Haulage Contractors' Rates.


[1663] Sir,—We hope you will permit us to call your attention to a few discrepancies which appear in your issue of 2nd January, in your "Answers to Queries" page' (reply 4451). tou give, in your schedule of charges for a 8-ton lorry, a figure of £4 10s. daily or 224 15s a week.' These rates are considerably below, those prevailing at the present moment, and we are sure' you will appreciate the harm that will be done in encouraging beginners to quote below prevailing rates.

With regard to your running costs, you give petrol at 4.8d, per mile. The present price of petrol is in. the neighbourhood of 3s. per gallon, and, on all-round work, the user is very fortunate if he can average six miles to the gallon. We should be very happy if we could reduce our petrol costs to the figure you mention.

On the other band, you quote tyres at 2.25d. per mile. Even taking the guaranteed mileage at 10,000, this works out at over 190 a set for tyres. Half that figure should reasonably cover the cost of tyres. -We would also suggest that your figure or maintenance loaves considerable margin for doubt, and it is only with the utmost economy and fortunate running that the cost can be cut down to your figure, and should the vehicle be second-hand and require extensive annual overhaul, the cost would come out at considerably more.

We are also of the opinion that you deal rather lightly with the costs other than running, such as garage, insuYance, depreciation, drivers' wages, and other incidental charges peculiar to the business.

' We have noticed on other occasions that the facts and figures you give as running costs are open to criticism and we feel sure that you will not resent our calling your attention to these facts. As you will no doubt appreciate, our figures are based on a considerable number of years' running of a large fleet of lorries of many males.—Yours faithfully,


J. C. MOTH, Secretary.

[We have reason for knowing that the rates given are those which are largely in force throughout the country for the work stated. We would remind our correspondent that empty as well as loaded running is covered. The cost of fuel per mile is obviously directly dependent on two factors—the mileage -per gallon and the price of the fuel. Eight miles per gallon is pretty generally achieved by careful drivers. Our original inquirer wongd be a private owner, and would be likely to accomplish this at least. Actually, taking eight miles per gallon, and the present price of No. 2 spirit to commercial users, namely, 2s. 101d. the fuel cost per mile would be 4.6d. We note that Commercial Car Hirers, Ltd., take as their basis such a high price as 3s. a gallon for petrol, . but it is within our knowledge that most large users in London are obtaining their petrol at prices very considerably below this.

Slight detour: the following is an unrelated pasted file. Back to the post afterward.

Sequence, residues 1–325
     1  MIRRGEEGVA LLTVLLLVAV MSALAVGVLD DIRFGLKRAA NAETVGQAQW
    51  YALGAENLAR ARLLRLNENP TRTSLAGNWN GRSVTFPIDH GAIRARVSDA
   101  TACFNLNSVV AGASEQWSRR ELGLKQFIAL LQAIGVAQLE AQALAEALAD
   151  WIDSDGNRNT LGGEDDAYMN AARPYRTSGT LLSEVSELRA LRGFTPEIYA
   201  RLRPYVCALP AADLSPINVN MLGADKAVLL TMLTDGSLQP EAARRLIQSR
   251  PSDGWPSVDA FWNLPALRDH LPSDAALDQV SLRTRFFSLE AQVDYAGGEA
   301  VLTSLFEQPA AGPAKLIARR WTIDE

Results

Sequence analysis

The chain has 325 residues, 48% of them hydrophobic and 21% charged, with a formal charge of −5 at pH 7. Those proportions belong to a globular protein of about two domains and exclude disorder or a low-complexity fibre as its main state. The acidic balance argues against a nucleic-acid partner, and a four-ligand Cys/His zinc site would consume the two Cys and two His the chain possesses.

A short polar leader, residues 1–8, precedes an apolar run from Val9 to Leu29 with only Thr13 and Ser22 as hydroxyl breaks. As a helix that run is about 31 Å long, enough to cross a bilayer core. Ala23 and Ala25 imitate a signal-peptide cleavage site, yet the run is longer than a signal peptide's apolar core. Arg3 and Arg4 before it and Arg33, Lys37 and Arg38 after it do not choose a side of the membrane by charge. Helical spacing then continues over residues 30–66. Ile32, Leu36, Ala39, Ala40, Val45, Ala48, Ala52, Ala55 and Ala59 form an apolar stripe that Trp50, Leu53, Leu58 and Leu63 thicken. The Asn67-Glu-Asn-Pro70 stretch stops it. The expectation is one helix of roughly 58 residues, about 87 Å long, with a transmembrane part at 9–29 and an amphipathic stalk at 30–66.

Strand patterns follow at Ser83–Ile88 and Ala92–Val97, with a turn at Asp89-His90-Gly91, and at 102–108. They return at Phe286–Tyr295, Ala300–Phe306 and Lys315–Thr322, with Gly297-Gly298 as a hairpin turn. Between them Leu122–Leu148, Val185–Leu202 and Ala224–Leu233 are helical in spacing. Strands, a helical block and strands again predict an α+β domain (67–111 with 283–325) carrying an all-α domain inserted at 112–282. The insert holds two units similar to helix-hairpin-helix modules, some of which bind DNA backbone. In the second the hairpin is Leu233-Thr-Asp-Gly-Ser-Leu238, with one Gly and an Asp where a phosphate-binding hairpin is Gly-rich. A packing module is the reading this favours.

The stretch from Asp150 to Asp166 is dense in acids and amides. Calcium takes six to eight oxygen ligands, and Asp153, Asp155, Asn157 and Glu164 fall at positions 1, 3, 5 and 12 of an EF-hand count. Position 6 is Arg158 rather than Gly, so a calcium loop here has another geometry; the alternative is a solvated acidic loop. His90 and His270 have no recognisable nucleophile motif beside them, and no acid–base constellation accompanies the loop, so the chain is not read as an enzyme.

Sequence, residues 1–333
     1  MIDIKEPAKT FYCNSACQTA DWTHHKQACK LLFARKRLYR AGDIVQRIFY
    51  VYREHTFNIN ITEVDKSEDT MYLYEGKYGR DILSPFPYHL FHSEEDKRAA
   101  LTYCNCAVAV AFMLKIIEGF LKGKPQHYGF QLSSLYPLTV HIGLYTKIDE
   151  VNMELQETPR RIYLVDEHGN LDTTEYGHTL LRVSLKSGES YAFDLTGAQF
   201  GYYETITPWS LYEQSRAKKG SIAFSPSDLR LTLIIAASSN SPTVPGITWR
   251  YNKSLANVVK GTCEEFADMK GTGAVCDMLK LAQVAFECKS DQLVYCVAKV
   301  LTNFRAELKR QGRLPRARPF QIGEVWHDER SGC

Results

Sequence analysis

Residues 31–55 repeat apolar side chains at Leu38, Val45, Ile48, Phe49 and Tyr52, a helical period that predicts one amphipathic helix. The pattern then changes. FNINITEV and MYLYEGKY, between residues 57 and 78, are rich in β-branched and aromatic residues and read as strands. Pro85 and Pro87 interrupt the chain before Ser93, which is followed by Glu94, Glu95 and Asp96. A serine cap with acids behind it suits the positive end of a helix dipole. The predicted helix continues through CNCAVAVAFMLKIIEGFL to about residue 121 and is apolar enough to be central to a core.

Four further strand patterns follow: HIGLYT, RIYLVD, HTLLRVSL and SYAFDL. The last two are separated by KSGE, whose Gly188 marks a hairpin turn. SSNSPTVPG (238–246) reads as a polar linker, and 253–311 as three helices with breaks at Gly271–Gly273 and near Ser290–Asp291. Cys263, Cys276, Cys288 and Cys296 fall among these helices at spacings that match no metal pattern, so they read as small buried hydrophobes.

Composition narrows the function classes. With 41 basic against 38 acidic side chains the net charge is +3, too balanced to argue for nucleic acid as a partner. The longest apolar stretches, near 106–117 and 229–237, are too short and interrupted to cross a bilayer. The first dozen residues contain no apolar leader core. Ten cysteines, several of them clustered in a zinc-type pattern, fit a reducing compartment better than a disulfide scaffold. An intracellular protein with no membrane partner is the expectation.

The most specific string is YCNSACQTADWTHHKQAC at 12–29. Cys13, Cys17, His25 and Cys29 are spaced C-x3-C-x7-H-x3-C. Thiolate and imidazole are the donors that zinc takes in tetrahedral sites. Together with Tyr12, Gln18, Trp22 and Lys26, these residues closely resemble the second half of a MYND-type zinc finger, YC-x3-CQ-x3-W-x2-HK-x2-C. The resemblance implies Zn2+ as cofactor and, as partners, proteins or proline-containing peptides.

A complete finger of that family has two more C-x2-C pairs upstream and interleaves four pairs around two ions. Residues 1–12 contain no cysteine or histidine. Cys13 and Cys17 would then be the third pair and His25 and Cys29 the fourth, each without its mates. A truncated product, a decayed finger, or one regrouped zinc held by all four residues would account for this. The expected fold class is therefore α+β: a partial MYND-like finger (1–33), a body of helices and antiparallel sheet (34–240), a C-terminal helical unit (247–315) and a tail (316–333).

The figure for tyres is intended to cover full list prices, and also to make an allowance for more frequent replacement for tyres than at 10,000 miles interval. As our correspondent is in a provincial district where roads are not good, there would on that account be additional expense in respect of tyre removal and replacement. As regards maintenance figures, those which we gave are based on actual ascertained costs, acquired from a large_number of users and extending over a period of years. They have, of course, been brought pp-to-date in accordance with increased war-time charges. We dealt in the manner we did with the overhead charges because of the special circumstances of our original inquires; Our own figures are based on a great number of years experience of the running of many fleets of lorries, both large and small, and also of a great variety of makes.—En., "C.M."]

Army Drivers and the Disposal of Army Lorries.

[1664] Sir,—Re the disposal of Army cars and lorries, I should like to suggest that the men who have joined the forces should have the opportunity given them of buying one or more of the surplus vehicles at a low figure. I have no doubt there are many who, like myself, joined up early in the war and, having no one to leave in charge of the business, had to sell the vehicles at the low prices then prevailing for second-hand machines. Nom that demobilization is in sight, we are naturally thinking of commencing business again, but in the interval of our service the prices of vehicles have risen so con, siderably that it will be a severe handicap to us unless' the Government can see their way clear to dispose of some of the surplus vehicles in the way I suggest., The opinion of other military readers would be welcom —Yours faithfully, Foun Ynaas M.T., A.S.C.